- Paying interest
- paid first, before the principle and equity. Interest on student loans is tax deductible but interest for investments is TAXED. Inc equity: pay more monthly, increase house value (remodel?). Refinance to a lower rate.
Enough money for emergencies? Current ratio:
--month's living expenses covered ratio:
monetary assets/current liabilities. --month's living expenses covered ratio: monetary assets/ (annual living expenditures/12)
Debt ratio:
total debt or liabilities/total assets. Longterm debt coverage ratio: amount of funds available for debt repayment to the size of the debt payments. The number of times you could make your debt payments w/ your curent income.
Savings ratio:
Income avail for savings and invest/income avail for living expenses.
Compound interest:
Principal:
- Interest paid on interest due to reinvestment of interest paid on investment's principal. - Principal: face value of the deposit or debt instrument. - FV: the value of an investment in some point in time. - PV: (in todays dollars)
Rule of 72
-- Discount rate:
You can det how many yrs it will take for a sum to double by dividing the annual growth rate into 72. -- Discount rate: the interest rate used to bring future values back to the present.
Compound annuity:
Futurevalue interest factor for annuity:
Amortized loans:
An investment that involves depositing an equal sum of money at the end of each yr for a certain number of yrs and allowing it to grow. --Futurevalue interest factor for annuity: a multiplier used to determine the future value of an annuity. --Amortized loans: a loan paid off in equal installments.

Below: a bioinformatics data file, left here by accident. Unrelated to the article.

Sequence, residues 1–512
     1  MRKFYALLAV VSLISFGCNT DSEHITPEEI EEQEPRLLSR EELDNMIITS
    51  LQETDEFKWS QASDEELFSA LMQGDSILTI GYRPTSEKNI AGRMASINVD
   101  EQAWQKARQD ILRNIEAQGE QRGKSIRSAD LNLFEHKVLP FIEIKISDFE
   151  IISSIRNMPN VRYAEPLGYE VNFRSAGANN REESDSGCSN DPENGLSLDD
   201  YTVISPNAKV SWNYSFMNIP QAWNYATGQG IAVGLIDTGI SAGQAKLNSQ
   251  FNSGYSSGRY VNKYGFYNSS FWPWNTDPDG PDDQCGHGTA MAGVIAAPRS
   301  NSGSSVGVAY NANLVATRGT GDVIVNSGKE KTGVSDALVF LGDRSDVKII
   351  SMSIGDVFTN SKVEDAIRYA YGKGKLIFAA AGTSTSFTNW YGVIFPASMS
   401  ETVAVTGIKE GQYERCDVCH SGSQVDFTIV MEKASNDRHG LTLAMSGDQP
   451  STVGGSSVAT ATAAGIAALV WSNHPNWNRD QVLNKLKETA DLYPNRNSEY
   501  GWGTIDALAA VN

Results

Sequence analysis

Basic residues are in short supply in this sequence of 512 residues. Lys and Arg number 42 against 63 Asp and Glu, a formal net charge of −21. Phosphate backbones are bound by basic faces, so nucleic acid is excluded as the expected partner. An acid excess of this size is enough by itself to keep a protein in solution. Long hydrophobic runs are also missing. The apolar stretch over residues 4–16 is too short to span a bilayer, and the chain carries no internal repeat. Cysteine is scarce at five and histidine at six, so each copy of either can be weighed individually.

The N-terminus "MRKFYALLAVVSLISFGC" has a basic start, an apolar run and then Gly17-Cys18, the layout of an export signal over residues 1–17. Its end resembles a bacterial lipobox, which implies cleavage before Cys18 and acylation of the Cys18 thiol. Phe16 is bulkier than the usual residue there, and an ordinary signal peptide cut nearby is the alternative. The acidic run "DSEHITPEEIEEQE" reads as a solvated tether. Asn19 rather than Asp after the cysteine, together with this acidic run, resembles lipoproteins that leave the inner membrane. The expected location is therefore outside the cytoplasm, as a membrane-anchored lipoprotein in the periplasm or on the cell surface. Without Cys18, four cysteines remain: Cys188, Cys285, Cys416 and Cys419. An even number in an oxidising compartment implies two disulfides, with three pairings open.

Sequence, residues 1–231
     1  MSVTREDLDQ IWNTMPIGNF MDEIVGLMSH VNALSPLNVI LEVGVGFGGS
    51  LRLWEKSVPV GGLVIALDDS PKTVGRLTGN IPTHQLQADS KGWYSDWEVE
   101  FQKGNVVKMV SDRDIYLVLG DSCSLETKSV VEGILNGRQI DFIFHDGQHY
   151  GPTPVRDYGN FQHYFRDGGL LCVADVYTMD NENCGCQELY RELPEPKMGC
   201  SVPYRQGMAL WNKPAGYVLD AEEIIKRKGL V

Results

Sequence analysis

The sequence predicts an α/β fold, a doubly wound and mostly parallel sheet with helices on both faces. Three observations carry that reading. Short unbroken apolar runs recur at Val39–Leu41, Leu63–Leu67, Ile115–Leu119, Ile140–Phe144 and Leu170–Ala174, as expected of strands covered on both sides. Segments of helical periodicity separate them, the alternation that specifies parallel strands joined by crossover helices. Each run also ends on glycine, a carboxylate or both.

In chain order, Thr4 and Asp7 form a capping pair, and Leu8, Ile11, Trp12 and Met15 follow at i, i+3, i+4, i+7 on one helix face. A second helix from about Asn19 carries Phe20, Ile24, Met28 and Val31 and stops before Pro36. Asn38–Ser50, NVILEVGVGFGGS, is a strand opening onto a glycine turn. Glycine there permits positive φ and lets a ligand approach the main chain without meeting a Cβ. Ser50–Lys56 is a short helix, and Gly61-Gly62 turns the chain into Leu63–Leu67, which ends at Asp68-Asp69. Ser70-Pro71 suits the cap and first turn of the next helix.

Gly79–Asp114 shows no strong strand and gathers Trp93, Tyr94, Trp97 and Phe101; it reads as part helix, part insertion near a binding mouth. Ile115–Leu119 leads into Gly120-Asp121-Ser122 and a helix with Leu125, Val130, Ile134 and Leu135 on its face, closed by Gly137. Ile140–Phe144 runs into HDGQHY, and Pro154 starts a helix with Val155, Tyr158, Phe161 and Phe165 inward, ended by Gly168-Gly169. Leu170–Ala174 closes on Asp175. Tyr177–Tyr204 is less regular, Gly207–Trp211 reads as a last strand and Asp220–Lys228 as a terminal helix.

Perpetuity:
- Progressive or graduated tax:
An annuity that continues forever. - A tax sys in which tax rates inc for higher incomes.
Personal exemptions:
- Itemized deductions:
Reduction in your income before you compute your taxes. - Deductions calculated using schedule A. The allowable deductions are added up and then subtracted from taxable income.
- Standard deductions:
- Marginal tax rate or marginal tax bracket:
A set deduction allowed by the IRS regardless of what taxpayers' expenses actually were. - The percentage of the last dollar you earn that goes toward taxes.
Capital asset:
- Capital gain/loss
-- Capital gains tax
An asset you own, except for certain business assets, inc stocks, bonds, real estate, or collectibles. - Amount by which the selling price of a capital asset differs from its purchase price. If the selling price is higher, a capital gain results. -- Tax paid on capital gains.
Filing status
Single w/ no dependent children; married filing jointly and surviving spouses (for up to 2 yrs); married filing separately; head of household (unmarried w/ one child or relative).
Bracket creep
- Active income
-- Portfolio or investment income
The movement into higher tax brackets as a result of inflation inc wages. - Income that comes from wages or a business. -- income from securities.
Passive income
- Gross income:
From activities in which the taxpayer does not actively participate. - Gross income: sum of taxable income from all sources.
Itemized deductions
Deductions calculated using schedule A. The allowable deductions are added up and then subtracted from AGI (adjusted gross income).
Capital Gains Tax
- Adjusted Gross Income (AGI)
The tax you pay on your realized capital gains.
- Total income less allowable adjustments.
IRA
An indiv retirement arrangement which is a tax-deferred retirement savings account allowed by the govt.
Deductible? Medical and dental expenses:
- If they exceed 7.5% of your AGI. -- Tax espenses: not if federal or soc sec, but state and local income or sales taxes and real estate taxes are; county or city income taxes are. (state sales taxes being deduct is new...) -- Home mortgage and investment interest payments: several types are; home equity loans are deductible on home equity debt up to $100,000.
Gifts to charity:
- Casualty and theft loss:
-- Miscellaneous deductibles: